Developing the Plague of Shadows expansion to Shovel Knight has been quite the tricky experience for us here at Yacht Club Games. We’ve never had the pleasure of continuously building new content for a complete, existing title before. When we pitched an all new playable boss campaign during the game’s Kickstarter, we were thinking of something small along the lines of Mega Man Powered Up: a simple character swap with a slight mobility change or a new ability between the boss characters. Of course, we wanted it to be fun and exciting…so we decided to go bigger!
One of the interesting challenges in this regard was creating a mobility set that really felt unique to the character of Plague Knight– a villainous alchemist with a love for explosives. We decided early on that the majority of the game would retain its initial level design and that the fun would instead come from new mobility which would make even the old levels feel entirely fresh. In order to achieve this goal, and stay true to the game’s inspiration, we knew we needed to create a mobility that felt truly at home on the NES!
The character Shovel Knight, of course, already has an NES mobility set! But his focus comes from the joy of simple NES controls. Whether it was dig-slashing or shovel dropping on enemies, Shovel Knight had a small number of action buttons which resulted in a set of solid, clear attack states! We thought we could bring Plague Knight in a different direction. Often in NES games, players would boot it up and wonder how to even move the character! Do you remember starting a new game like Castlevania only to discover hours later how to climb stairs or use a subweapon? The concepts being explored in games around that time were sometimes so new that there weren’t standards for how to jump, how to attack, etc. We hoped players would sit down with Plague Knight and be curious in the same way…enjoying the discovery of each button’s actions. We hoped they would learn a new way a character could move in a 2D world. Maybe something they’ve never played before – just like picking up a new game during the days of the NES. Something that was easy to learn but difficult to master over the course of the game. The fun would come in learning the character’s strengths and weaknesses, and using them to his or her advantage!
(Castlevania's manual even had clear instructions on how to hold the controller so players could be ready to both JUMP and ATTACK)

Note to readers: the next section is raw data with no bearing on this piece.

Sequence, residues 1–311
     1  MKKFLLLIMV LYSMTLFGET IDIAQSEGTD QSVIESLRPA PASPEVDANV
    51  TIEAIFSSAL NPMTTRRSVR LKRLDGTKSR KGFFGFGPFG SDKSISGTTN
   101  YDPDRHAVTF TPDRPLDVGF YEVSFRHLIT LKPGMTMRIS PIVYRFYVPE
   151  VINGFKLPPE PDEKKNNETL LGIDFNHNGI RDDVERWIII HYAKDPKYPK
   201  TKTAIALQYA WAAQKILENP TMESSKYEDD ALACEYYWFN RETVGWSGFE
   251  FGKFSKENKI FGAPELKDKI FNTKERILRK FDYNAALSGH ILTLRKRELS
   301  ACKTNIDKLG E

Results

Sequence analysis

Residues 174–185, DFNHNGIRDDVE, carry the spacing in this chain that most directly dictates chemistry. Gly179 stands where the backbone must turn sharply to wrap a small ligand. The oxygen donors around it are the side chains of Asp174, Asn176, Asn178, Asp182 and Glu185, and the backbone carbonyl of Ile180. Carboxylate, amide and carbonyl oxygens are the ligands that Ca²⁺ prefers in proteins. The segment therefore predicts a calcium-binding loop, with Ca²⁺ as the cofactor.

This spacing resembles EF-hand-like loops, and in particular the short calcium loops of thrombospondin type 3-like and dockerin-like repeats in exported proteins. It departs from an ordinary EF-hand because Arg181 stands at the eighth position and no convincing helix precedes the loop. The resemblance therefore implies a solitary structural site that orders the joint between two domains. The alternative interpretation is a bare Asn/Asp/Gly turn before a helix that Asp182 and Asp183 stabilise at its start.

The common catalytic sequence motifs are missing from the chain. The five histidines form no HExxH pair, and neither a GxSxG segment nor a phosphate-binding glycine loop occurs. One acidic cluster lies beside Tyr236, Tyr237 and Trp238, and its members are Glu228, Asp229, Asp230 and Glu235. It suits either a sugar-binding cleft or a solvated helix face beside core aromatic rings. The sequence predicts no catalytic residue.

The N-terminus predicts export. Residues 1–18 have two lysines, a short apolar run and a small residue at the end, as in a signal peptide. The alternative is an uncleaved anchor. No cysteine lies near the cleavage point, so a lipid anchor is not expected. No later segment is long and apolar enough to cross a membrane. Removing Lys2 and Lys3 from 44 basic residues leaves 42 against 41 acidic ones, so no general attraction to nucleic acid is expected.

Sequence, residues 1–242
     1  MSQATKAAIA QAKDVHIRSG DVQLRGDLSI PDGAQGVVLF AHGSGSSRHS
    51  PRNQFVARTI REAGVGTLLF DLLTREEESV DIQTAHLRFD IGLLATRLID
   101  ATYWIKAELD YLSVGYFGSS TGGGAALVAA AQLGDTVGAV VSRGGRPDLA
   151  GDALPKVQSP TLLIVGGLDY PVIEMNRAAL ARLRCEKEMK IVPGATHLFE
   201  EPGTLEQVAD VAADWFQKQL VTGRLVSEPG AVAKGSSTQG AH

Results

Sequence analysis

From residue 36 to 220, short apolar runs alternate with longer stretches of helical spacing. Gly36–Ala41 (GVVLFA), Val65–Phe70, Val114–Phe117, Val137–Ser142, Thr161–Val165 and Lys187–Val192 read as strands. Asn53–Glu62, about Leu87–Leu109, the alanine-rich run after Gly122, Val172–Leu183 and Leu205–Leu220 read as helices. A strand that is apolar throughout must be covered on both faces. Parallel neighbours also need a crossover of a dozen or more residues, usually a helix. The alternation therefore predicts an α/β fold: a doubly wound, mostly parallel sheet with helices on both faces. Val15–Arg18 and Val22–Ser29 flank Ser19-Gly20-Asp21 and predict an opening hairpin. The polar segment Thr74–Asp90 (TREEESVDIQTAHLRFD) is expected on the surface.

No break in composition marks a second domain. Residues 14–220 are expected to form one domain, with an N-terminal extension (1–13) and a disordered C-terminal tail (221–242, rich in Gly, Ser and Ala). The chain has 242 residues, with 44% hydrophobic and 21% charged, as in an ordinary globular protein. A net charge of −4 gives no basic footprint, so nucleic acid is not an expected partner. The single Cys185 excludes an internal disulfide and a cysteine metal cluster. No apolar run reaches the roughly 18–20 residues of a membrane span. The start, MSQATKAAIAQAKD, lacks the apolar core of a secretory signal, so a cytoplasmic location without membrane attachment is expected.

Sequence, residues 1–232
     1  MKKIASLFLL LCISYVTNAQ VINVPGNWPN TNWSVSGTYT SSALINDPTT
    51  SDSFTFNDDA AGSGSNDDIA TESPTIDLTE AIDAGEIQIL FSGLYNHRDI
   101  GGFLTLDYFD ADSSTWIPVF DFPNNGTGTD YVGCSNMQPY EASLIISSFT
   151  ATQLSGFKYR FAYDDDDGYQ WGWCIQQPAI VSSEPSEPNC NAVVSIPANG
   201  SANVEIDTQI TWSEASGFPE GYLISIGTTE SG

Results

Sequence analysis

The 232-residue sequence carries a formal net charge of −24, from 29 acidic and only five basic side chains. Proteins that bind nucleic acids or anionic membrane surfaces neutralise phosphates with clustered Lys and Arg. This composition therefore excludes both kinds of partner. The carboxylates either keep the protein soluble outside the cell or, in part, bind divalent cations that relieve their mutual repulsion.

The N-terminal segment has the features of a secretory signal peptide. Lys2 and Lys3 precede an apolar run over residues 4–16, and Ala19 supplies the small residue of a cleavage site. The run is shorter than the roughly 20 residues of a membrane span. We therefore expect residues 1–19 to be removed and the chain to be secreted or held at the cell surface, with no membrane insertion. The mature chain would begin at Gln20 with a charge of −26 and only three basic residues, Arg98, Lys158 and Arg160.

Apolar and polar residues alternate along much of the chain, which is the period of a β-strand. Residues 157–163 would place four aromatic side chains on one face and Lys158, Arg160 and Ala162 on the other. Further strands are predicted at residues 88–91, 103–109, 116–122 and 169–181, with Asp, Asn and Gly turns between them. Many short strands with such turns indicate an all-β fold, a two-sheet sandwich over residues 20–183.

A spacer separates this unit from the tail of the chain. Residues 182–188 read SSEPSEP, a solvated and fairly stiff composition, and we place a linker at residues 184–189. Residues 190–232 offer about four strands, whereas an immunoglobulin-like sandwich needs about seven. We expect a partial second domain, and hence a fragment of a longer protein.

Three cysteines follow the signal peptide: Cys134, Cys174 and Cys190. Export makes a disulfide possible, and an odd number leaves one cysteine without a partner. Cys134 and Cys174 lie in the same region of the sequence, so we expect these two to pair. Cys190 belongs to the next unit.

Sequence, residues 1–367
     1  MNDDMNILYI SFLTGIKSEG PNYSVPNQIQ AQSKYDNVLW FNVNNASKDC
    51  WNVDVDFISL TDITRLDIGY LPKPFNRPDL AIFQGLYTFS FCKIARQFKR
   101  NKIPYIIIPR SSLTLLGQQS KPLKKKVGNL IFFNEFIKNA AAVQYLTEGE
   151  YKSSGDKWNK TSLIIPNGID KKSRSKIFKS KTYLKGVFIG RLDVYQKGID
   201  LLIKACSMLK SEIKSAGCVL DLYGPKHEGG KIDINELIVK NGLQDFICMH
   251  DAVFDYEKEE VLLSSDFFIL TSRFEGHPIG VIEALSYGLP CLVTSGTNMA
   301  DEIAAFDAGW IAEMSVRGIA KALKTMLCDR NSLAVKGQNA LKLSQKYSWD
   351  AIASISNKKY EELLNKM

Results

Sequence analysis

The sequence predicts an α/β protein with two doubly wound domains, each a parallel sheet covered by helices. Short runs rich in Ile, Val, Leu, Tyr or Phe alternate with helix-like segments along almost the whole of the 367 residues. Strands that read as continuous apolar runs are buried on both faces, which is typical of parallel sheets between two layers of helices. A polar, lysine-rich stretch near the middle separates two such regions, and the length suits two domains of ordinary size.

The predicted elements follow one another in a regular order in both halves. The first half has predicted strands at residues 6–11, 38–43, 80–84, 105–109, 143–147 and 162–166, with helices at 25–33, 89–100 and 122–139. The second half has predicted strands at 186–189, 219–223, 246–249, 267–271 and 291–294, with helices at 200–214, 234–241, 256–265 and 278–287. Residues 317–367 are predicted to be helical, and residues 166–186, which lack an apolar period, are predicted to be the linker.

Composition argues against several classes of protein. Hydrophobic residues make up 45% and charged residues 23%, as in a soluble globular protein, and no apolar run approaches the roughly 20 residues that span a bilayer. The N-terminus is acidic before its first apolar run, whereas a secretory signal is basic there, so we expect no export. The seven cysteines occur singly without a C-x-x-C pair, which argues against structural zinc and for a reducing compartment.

Laying down rules
All that said, we still were bound to the level design of Shovel Knight, so we had a few rules we had follow in order for the levels to work!
- Shovel Knight can jump ~4.5 tiles high.
- Shovel Knight can cross horizontal gaps ~4.5 tiles long.
- Shovel Knight can bounce off certain objects getting an additional height of ~4.5 tiles.
- Shovel Knight can dig through blocks horizontally.
- Shovel Knight can dig through blocks below him.
(Everything in Shovel Knight was built on a grid! The levels were tuned to his mobility!)
Those weren’t the only design restrictions we had though! We also had to find a way to be true to Plague Knight’s character. Here are some features we felt were important to highlight:
- Plague Knight is all about explosions!
- Plague Knight is a scientist that creates items through alchemy.
- Plague Knight is wild, maniacal, and dangerous!
- Plague Knight should feel like you’re controlling the character you saw in the original boss fight! (A few key components from his fight: lots of bombs, wild big jumping leaps, explosions everywhere! He generally feels out of control!)
(Many players are still wary when dueling Plague Knight!)
Building the Mobility
With all these rules in place, the next step was capturing his essence while allowing the level design to work. We started with our core mobility move – the burst:
As you can see, this combination attack (from the explosion!) and jump allows Plague Knight to cover a great distance in a small amount of time, but at the cost of some freedom of control. Once a horizontal burst is detonated, the player’s left and right input does very little to change it! This captures Plague Knight’s wild spirit, the seemingly out of control jumping in his boss fight, and gives the player the ability to cover many horizontal and vertical gaps that Shovel Knight could cover. It also can only be used by charging the attack button first…this means the player must really think ahead before committing to the action!